MONITORCPU=".w550.h280cpu0+cpu1+cpu2+cpu3+cpu4+cpu5+cpu6+cpu7+cpu8+cpu9+cpu10+cpu11:100"
GALLIUM_HUD=${MONITORGPU},${MONITORCPU} "${@}"

in $HOME/bin/run-with-hud-4k.sh and make it executable with chmod a+x $HOME/bin/run-with-hud-4k.sh and start your games with run-with-hud-4k.sh yourgamesexecutable

Use smaller values if you are gaming on 1080p.

Supertuxkart-1080p-hud.jpg
How the HUD display shown below looks on SuperTuxKart at 1080p.

File: $HOME/bin/run-with-hud-1080p.sh
MONITORGPU=".w190.h160fps:70,.w190.h160GPU-load:100,.w190.h160temperature:80"
MONITORCPU=".w190.h160cpu0+cpu1+cpu2+cpu3+cpu4+cpu5+cpu6+cpu7+cpu8+cpu9+cpu10+cpu11:100"
GALLIUM_HUD=${MONITORGPU},${MONITORCPU} "${@}"

Heads Up Display With FPS Counter And Other Data In Vulkan Games

Vkmark-hud.jpg
vkmark with a Vulkan HUD.

The Mesa Vulkan drivers have a built-in HUD overlay with quite a few options. It can be activated by using the variable called VK_INSTANCE_LAYERS to ask for a VK_LAYER_MESA_overlay before a game or application is executed:

VK_INSTANCE_LAYERS=VK_LAYER_MESA_overlay /path/to/cool_vulkan_game

Configuring the Vulkan HUD overlay can be done by configuring a VK_LAYER_MESA_OVERLAY_CONFIG variable:

VK_INSTANCE_LAYERS=VK_LAYER_MESA_overlay VK_LAYER_MESA_OVERLAY_CONFIG=position=top-left /path/to/cool_vulkan_game

The are numerous options available which can be used to configure VK_LAYER_MESA_OVERLAY_CONFIG=. The desired variables should be comma-separated. You can use VK_INSTANCE_LAYERS=VK_LAYER_MESA_overlay VK_LAYER_MESA_OVERLAY_CONFIG=help /path/to/some_vulkan_app to list them. You have to provide a game or program like vkmark to get a list of options, nothing happens if you use glxgears (which uses OpenGL). You will have to experiment and play around with the options to find out what suits you. Perhaps you would like this one:

VK_INSTANCE_LAYERS=VK_LAYER_MESA_overlay VK_LAYER_MESA_OVERLAY_CONFIG=fps,submit,draw,pipeline_graphics,position=top-right /path/to/cool_vulkan_game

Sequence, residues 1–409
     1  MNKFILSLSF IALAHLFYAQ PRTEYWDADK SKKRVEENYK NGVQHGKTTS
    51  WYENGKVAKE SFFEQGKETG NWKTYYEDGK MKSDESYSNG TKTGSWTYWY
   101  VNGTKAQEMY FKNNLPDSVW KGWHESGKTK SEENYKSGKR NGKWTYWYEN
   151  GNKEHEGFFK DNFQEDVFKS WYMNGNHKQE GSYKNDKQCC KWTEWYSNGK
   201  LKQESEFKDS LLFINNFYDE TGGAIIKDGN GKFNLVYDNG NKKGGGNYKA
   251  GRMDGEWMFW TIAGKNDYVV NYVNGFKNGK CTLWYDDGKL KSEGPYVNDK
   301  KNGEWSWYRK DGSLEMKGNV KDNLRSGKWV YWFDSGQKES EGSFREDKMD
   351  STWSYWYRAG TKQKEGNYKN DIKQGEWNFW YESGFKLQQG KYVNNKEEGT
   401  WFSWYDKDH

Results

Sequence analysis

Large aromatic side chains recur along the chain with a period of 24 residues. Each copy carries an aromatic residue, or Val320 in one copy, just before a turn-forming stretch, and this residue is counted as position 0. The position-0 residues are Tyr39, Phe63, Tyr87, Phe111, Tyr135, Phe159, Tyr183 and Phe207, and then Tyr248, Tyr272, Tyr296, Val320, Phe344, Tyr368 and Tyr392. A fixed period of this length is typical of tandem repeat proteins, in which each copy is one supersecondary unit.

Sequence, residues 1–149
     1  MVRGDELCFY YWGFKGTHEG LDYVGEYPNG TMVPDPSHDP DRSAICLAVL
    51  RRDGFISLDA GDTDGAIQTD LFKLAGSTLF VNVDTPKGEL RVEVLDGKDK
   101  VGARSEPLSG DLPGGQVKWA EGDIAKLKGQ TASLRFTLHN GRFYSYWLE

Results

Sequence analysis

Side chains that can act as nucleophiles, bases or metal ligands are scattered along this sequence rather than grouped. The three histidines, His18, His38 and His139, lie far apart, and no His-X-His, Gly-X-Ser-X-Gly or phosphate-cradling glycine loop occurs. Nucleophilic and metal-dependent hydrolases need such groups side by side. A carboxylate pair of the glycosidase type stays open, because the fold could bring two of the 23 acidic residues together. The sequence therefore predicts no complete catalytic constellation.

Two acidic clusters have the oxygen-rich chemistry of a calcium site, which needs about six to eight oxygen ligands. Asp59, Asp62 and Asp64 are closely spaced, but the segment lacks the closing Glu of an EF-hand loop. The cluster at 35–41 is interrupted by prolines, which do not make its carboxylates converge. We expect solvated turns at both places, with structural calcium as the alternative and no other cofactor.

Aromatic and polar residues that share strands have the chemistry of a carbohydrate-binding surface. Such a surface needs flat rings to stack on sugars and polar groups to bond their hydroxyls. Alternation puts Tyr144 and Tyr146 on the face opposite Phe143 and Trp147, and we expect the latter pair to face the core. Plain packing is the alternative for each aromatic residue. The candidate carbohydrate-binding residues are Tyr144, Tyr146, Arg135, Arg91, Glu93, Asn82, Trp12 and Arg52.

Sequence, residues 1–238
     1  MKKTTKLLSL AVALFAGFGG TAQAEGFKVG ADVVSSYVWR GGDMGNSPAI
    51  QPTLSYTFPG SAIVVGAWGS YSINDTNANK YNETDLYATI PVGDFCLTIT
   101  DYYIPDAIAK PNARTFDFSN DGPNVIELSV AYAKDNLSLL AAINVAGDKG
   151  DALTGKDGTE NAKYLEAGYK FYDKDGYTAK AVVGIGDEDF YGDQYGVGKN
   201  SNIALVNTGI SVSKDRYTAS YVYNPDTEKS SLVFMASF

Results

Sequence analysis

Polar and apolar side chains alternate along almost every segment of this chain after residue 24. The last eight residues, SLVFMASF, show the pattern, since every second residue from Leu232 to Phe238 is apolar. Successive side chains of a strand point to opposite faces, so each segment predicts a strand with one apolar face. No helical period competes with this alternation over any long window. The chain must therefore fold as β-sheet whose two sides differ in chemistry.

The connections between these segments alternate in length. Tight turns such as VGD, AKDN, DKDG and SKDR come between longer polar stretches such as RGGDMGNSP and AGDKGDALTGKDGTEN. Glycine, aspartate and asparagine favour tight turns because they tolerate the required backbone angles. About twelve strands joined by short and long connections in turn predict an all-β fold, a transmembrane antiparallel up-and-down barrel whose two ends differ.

High-resolution users will likely want to add width=width-in-pixels and height=height-in-pixels

MangoHud

MangoHud-vs-mesa-hud.jpg
MangoHud (left) vs the built-in Mesa HUD (right).

MangoHud is a fork of the built-in Mesa Vulkan HUD with more options. It can, unlike the built-in Mesa Vulkan HUD, be configured using a simple configuration file. Its also got a handy F12 keyboard shortcut for switching the HUD on/off.

See the MangoHud for more details.

Heads Up Display In Games Running In WINE With DXVK

The optional DXVK Direct3D to Vulkan translation layer for Wine (typically available as a package named wine-dxvk) comes with its own built-in heads-up display. It is configured and activated with a variable called DXVK_HUD. Setting it to DXVK_HUD=1 enables device information and a frame counter (DXVK_HUD=1 equals DXVK_HUD=evinfo,fps. It has several other option available:

devinfo Displays the name of the GPU and the driver version.
fps Shows the current frame rate.
frametimes Shows a frame time graph.
submissions Shows the number of command buffers submitted per frame.
drawcalls Shows the number of draw calls and render passes per frame.
pipelines Shows the total number of graphics and compute pipelines.
memory Shows the amount of device memory allocated and used.
gpuload Shows estimated GPU load. May be inaccurate.
version Shows DXVK version.
api Shows the D3D feature level used by the application. Does not work correctly for D3D10 at the moment.
compiler Shows shader compiler activity

You can use DXVK_HUD and VK_LAYER_MESA_overlay (described above) at the same time - but you probably don't want to.

Heads Up Display In Games Running In WINE Without DXVK

Game-in-wine-with-hud.jpg
A Windows game running in Wine without DXVK.

Wine translates Direct3D to OpenGL if the optional DXVK Direct3D to Vulkan translation layer is missing. Any game running in Wine is a OpenGL game as far as the graphics drivers are concerned. The Gallium OpenGL HUD can therefore be enabled on any game running in Wine.

Simple FPS Counter In Steam Games

Steam has it's own built-in in-game FPS counter overlay. Navigate through the menu Steam then Settings and select In-Game and you will be able to enable a FPS counter in one of your monitors corners. This will only display a FPS counter which shows the current framerate as a number.

You can use Gallium HUD with Steam too, but there's a catch: It will draw your graphs above every window since the Steam games store/launcher is drawn using OpenGL. You get it on the Steam store, every pop-up and so on. That is not exactly ideal but it does work.

avatar

Anonymous user #1

one month ago
Score 0++

For those with old Intel iGPUs with only the i965 driver you can use intel-gpu-overly. It works great and the default setting are very nice. Not much details or documentation (just look at source code!) but best I found was :

https://unix...-clock-speed